Tuesday 23rd May 2017
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Rex Bionics investors have backed a deal that will see their investment diluted to little more than a third of the company in exchange for a A$10 million lifeline by Australian fund manager and fellow shareholder BioScience Managers.
At a meeting in London on Monday, Rex shareholders voted in favour of a deal that would pour the company's business and assets into its Australian subsidiary, Rex Pty, which would then sell A$7.5 million of shares to BioScience, lifting the fund manager's stake to 64 percent, Rex said in a notice to the London Stock Exchange. BioScience would also commit to a further investment of A$2.5 million if certain targets were met, in a rights issue that the existing Rex investors could participate in.
The second part of the transaction would see Rex sign a two-year development agreement with McLaren Applied Technologies, a unit of the luxury car maker McLaren Group, to design the next phase of the Rex product in an effort to reduce the cost of making the exoskeletons which help wheelchair-bound people walk. McLaren would be issued warrants to help pay for its services, which could dilute existing Rex shareholders down to 29.2 percent.
In March, Rex said it would probably need external funding to keep operating after struggling to raise capital to pay for a prototype of the new product. The directors yesterday said if the transaction isn't approved the company won't be able to pay its debts and will have to stop operating or kick off an insolvency procedure immediately, which would wipe out shareholders' entire equity investment.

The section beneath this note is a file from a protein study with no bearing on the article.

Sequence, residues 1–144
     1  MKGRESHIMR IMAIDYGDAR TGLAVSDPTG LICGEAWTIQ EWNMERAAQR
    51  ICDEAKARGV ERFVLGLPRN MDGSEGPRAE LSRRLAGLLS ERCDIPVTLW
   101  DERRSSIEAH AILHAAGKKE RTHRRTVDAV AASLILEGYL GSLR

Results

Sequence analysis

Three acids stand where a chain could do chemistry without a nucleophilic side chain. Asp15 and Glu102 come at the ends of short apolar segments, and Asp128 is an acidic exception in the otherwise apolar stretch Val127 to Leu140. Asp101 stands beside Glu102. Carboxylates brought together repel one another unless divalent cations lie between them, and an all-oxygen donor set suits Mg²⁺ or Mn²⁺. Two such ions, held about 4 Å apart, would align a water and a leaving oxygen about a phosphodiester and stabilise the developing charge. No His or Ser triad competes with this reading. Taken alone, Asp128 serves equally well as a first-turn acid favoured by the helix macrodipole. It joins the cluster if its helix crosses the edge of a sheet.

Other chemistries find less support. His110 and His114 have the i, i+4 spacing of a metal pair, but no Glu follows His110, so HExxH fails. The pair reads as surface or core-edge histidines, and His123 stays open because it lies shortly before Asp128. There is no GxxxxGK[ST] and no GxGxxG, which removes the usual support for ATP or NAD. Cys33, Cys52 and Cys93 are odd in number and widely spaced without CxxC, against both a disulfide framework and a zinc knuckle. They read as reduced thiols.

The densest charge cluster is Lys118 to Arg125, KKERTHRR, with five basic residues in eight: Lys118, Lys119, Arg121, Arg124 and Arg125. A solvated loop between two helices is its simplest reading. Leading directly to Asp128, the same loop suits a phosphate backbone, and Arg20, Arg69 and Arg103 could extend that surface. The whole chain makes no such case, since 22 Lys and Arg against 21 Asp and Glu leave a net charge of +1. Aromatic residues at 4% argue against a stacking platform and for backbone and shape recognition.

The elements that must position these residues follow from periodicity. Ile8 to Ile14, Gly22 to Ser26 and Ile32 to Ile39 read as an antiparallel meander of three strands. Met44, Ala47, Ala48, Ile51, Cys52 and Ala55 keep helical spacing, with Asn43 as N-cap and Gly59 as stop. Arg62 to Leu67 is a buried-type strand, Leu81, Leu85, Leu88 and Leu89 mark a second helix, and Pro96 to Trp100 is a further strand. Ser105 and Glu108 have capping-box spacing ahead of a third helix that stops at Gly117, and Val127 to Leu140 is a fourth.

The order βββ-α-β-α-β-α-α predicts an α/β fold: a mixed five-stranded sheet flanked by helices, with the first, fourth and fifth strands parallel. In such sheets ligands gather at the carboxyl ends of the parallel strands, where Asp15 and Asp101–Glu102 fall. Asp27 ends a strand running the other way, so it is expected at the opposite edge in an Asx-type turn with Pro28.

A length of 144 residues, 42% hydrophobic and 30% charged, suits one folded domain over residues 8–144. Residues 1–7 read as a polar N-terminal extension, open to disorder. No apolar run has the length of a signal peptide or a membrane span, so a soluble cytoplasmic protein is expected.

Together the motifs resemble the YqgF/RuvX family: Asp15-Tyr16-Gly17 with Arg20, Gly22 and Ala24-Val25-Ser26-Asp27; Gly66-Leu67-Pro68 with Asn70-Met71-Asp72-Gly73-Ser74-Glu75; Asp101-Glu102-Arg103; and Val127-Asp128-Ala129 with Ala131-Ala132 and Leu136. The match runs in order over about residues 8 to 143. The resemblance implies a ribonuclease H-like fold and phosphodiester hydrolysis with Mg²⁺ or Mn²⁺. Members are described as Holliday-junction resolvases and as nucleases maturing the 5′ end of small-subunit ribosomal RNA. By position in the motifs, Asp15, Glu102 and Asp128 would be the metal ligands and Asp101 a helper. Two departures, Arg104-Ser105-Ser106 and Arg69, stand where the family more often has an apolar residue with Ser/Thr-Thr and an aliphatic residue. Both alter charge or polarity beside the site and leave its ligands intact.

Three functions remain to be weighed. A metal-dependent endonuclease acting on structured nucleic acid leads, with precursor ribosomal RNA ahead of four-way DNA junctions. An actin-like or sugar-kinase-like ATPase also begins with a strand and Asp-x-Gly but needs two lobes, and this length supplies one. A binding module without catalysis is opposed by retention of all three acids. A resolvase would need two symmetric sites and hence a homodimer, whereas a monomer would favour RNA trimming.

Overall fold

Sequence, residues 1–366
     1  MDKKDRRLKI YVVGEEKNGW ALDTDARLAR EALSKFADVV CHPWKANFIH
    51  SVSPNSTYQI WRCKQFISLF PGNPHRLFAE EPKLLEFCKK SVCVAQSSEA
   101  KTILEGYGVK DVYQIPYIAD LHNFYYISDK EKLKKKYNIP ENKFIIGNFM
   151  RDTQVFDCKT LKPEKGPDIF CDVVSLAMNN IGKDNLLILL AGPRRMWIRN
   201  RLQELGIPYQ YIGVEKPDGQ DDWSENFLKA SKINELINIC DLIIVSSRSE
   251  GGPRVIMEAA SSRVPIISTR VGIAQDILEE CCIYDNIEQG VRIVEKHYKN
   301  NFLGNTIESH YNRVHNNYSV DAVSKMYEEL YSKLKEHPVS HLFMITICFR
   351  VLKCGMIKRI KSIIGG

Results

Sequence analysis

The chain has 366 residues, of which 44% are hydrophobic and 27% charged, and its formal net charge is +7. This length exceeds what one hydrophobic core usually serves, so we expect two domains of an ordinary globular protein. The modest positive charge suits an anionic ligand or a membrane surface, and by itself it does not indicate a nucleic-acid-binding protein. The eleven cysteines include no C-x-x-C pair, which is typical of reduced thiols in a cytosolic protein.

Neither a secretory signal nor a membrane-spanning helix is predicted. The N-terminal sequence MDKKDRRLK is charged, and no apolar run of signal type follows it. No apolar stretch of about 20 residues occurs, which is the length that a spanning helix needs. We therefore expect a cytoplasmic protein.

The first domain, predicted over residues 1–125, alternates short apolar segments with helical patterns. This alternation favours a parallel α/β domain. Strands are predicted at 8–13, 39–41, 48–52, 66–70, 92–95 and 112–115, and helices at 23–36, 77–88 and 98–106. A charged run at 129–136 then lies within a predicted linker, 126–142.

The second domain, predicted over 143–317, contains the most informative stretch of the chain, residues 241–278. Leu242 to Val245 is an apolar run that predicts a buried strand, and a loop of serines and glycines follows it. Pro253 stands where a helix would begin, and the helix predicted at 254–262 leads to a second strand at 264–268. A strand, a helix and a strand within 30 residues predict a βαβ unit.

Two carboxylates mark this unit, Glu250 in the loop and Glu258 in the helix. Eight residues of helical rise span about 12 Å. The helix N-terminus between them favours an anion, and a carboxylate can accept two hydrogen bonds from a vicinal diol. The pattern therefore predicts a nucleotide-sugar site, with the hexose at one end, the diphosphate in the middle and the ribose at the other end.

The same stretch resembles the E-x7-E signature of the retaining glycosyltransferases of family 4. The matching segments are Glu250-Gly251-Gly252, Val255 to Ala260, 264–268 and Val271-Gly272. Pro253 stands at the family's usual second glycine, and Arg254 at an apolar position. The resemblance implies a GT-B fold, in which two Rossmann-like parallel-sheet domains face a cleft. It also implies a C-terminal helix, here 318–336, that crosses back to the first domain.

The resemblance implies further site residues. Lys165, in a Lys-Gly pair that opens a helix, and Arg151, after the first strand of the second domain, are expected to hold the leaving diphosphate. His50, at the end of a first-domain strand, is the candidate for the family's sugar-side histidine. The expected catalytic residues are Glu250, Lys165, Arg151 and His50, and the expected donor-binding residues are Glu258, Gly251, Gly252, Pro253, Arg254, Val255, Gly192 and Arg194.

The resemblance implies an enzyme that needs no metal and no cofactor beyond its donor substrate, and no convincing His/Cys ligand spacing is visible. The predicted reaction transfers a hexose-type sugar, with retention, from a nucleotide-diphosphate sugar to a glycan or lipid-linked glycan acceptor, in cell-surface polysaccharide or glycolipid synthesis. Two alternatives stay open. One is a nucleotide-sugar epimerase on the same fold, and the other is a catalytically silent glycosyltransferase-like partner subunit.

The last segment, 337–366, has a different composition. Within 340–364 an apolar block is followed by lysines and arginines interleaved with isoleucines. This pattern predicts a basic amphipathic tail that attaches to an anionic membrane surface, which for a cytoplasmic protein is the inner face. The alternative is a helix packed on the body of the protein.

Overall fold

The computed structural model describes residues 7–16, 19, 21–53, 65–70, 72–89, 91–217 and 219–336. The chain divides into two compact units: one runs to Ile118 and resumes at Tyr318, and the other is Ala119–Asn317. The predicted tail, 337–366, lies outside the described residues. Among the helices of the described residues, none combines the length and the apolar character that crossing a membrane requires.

The transaction will see the board and management of the Australian subsidiary assume responsibility for the strategic direction and day-to-day running. The board of Rex Pty will be made up of BioScience managing director Jeremy Curnock Cook, BioScience appointees Amanda Gillon and Bill Hunter, and current Rex Bionics chair David Macfarlane.
The notice of meeting says Rex expects there to be significant investment in staff, facilities and development programmes in Australia, where BioScience-managed funds focus their investment, while the New Zealand subsidiary will own the patents, product registrations, operating systems and other intellectual property required to operate the Rex business.
Rex has been a beneficiary of Callaghan Innovation funding, receiving research and development grants totalling $2.9 million before it listed on the London Stock Exchange's AIM market in 2014 with a condition that production stayed in New Zealand until 2017.
The listed entity will delist from the AIM market around the end of June and continue as an unquoted company to provide input and support to Rex Pty through its board representative, it said in the notice.
(BusinessDesk receives assistance from Callaghan Innovation to cover the commercialisation of innovation)
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